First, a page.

Yesterday Moody’s issued a warning of a possible debt downgrade if the debt ceiling dispute created a situation in which the U.S. defaulted, even though Moody’s acknowledged that “the risk is low.”
Obama is using the possible downgrade as a major bargaining chip in negotiations with Republicans, threatening to take his case to the public (as if he hasn’t already?):
“Don’t call my bluff,” the president said. “I am not afraid to veto and I will take it to the American people.”
If Moody’s, the credit rating agency that announced a review of U.S. credit, downgrades the United States, President Obama said, ”it will be a tax increase on every American.”
But a threatened downgrade by a major ratings agency is nothing new. Both Moody’s and S&P have been warning for months about possible downgrades unless the U.S. addressed the rising debt problem. The rising debt, not failure to incur more debt, was the concern.
In January, Moody’s issued the following warning:
Moody’s Investors Service said it may need to place a “negative” outlook on the Aaa rating of U.S. debt sooner than anticipated as the country’s budget deficit widens.
The extension of tax cuts enacted under President George W. Bush, the chance that Congress won’t reduce spending and the outcome of the November elections have increased Moody’s uncertainty over the willingness and ability of the U.S. to reduce its debt, the credit-ratings company said yesterday.
“Although no rating action is contemplated at this time, the time frame for possible future actions appears to be shortening, and the probability of assigning a negative outlook in the coming two years is rising,” wrote Steven Hess, a senior credit officer in New York and the author of the report. The rating remains “stable,” according to the report.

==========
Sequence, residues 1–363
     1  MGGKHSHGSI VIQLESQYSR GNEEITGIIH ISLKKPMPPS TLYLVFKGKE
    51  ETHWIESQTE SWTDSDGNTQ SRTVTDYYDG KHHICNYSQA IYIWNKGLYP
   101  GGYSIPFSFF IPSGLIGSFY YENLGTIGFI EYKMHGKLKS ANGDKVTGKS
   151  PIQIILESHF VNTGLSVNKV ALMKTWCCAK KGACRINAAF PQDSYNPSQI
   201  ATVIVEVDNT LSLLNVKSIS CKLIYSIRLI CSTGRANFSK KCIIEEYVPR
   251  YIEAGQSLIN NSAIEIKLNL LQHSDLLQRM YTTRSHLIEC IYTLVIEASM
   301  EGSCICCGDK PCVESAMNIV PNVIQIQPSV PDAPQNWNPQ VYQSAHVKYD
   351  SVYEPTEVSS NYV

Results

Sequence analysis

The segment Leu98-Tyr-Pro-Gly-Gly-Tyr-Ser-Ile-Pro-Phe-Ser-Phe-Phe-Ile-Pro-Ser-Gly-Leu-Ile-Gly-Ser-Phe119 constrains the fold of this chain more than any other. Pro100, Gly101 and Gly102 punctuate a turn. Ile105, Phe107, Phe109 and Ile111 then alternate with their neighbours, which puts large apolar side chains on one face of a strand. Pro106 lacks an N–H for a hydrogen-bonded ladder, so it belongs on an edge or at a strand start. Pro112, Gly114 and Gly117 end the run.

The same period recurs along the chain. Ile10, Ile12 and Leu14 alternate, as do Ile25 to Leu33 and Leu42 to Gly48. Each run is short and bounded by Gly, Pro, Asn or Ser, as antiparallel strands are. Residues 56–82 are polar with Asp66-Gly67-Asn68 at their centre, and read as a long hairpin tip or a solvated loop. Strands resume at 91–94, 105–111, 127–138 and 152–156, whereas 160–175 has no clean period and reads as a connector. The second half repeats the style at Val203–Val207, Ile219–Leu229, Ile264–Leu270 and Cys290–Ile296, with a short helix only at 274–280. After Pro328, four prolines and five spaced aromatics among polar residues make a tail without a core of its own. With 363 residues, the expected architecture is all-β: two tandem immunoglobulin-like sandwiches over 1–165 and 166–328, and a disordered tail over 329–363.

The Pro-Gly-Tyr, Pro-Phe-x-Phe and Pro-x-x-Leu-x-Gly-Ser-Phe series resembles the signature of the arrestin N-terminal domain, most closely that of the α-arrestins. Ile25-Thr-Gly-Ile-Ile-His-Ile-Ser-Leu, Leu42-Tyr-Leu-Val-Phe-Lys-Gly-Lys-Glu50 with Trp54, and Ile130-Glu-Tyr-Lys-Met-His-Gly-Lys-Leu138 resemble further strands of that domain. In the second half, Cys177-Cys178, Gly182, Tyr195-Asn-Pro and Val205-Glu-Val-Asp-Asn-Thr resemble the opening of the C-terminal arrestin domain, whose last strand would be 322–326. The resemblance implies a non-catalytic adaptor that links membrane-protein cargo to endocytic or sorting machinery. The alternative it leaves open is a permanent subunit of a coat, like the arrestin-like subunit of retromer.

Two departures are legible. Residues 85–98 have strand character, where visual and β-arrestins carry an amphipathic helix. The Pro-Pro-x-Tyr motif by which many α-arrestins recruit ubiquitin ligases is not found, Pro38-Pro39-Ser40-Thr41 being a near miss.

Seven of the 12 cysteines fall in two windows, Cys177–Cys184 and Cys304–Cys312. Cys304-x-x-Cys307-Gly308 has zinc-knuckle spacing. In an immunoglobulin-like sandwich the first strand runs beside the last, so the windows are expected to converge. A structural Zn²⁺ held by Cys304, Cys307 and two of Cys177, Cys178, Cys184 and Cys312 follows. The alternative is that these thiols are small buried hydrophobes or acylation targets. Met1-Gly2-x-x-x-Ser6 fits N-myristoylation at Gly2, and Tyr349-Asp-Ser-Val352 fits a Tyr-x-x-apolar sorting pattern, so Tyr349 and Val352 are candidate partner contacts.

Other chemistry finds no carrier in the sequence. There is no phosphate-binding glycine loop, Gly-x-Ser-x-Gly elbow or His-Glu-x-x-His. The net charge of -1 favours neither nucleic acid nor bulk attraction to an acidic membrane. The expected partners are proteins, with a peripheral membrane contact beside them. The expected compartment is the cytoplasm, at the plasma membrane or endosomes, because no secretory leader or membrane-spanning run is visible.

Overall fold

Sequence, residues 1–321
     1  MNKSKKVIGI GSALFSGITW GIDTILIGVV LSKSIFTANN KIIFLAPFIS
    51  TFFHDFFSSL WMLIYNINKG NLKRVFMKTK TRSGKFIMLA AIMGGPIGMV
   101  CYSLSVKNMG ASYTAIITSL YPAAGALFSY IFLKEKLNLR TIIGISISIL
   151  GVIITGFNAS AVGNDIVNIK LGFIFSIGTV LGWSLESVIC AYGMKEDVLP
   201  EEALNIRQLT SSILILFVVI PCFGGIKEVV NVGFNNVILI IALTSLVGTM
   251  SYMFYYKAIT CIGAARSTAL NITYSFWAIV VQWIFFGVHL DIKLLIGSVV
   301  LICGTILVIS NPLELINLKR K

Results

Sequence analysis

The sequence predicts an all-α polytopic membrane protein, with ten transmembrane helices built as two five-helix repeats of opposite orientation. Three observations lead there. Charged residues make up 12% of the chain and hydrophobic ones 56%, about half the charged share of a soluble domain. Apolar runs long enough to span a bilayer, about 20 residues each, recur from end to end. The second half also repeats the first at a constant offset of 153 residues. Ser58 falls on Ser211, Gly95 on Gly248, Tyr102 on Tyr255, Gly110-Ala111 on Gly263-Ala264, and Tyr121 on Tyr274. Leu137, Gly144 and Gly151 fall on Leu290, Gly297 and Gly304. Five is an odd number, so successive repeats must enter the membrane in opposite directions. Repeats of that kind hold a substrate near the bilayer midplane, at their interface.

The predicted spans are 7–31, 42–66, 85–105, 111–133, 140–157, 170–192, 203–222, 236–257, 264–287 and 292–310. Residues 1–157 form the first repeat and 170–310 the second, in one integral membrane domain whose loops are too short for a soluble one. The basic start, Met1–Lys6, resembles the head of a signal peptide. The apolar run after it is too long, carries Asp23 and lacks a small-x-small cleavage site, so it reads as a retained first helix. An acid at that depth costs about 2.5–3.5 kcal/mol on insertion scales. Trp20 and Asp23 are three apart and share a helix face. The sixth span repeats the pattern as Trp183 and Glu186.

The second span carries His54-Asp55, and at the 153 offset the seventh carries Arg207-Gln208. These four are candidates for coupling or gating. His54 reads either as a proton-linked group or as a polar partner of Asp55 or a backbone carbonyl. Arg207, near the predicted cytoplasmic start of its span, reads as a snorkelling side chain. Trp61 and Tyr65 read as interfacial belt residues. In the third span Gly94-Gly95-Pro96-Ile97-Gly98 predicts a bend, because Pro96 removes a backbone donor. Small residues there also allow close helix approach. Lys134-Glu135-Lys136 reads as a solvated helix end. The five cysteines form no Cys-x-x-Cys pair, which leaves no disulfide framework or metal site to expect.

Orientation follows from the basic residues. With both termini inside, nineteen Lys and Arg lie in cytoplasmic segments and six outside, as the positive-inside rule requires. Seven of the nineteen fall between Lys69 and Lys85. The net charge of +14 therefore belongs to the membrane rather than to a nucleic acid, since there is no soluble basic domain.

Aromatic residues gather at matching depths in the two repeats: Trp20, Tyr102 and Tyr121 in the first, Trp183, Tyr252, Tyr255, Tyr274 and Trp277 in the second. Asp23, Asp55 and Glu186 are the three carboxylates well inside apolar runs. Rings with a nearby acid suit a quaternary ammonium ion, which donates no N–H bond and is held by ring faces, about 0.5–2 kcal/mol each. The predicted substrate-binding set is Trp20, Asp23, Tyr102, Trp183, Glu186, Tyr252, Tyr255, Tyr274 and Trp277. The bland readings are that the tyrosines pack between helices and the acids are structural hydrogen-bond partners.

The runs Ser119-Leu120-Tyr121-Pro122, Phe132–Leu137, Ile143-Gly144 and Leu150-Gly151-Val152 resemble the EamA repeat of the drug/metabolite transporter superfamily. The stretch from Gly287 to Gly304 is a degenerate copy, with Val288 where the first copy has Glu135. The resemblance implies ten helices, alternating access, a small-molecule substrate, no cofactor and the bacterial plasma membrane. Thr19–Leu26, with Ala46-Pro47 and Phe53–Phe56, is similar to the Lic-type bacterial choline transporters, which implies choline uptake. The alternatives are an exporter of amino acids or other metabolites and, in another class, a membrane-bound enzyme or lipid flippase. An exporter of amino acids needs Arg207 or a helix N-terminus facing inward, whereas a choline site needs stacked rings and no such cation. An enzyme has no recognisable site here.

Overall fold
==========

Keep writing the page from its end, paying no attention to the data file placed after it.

Here was a headline from January:
In April, S&P warned of a possible downgrade because of rising U.S. debt levels:
Sounding the alarm about the country’s deep fiscal problems, Standard & Poor’s on Monday downgraded its outlook on the U.S. credit rating to “negative,” raising the likelihood the U.S. will lose its coveted ‘AAA’ rating as Washington struggles to fix its beleaguered balance sheet….
“We believe there is a material risk that U.S. policymakers might not reach an agreement on how to address medium- and long-term budgetary challenges by 2013; if an agreement is not reached and meaningful implementation is not begun by then, this would in our view render the U.S. fiscal profile meaningfully weaker than that of peer ‘AAA’ sovereigns,” S&P said in the statement.
Get it? Regardless of the current political fight over raising the debt ceiling, we were on a path to a debt downgrade not because we were not incurring enough debt, but because we were incurring too much.
So the current debate over a downgrade due to failing to raise the debt limit is a sideshow. The issue is how we put ourselves on a path to lowering our debt, not how we raise the debt level.
Raising the debt limit without a plan to reduce our debt accomplishes nothing.